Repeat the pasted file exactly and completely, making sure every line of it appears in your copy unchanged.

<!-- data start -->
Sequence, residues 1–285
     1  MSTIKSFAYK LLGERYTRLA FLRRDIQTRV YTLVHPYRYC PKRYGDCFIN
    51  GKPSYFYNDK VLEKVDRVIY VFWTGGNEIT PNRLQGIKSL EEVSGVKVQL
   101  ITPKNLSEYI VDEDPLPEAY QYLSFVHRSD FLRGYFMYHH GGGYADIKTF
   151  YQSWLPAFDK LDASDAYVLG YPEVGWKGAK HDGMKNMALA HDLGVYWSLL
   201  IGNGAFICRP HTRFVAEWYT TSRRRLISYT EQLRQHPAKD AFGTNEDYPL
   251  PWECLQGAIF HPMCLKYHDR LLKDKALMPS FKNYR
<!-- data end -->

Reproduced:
Sequence, residues 1–285
     1  MSTIKSFAYK LLGERYTRLA FLRRDIQTRV YTLVHPYRYC PKRYGDCFIN
    51  GKPSYFYNDK VLEKVDRVIY VFWTGGNEIT PNRLQGIKSL EEVSGVKVQL
   101  ITPKNLSEYI VDEDPLPEAY QYLSFVHRSD FLRGYFMYHH GGGYADIKTF
   151  YQSWLPAFDK LDASDAYVLG YPEVGWKGAK HDGMKNMALA HDLGVYWSLL
   201  IGNGAFICRP HTRFVAEWYT TSRRRLISYT EQLRQHPAKD AFGTNEDYPL
   251  PWECLQGAIF HPMCLKYHDR LLKDKALMPS FKNYR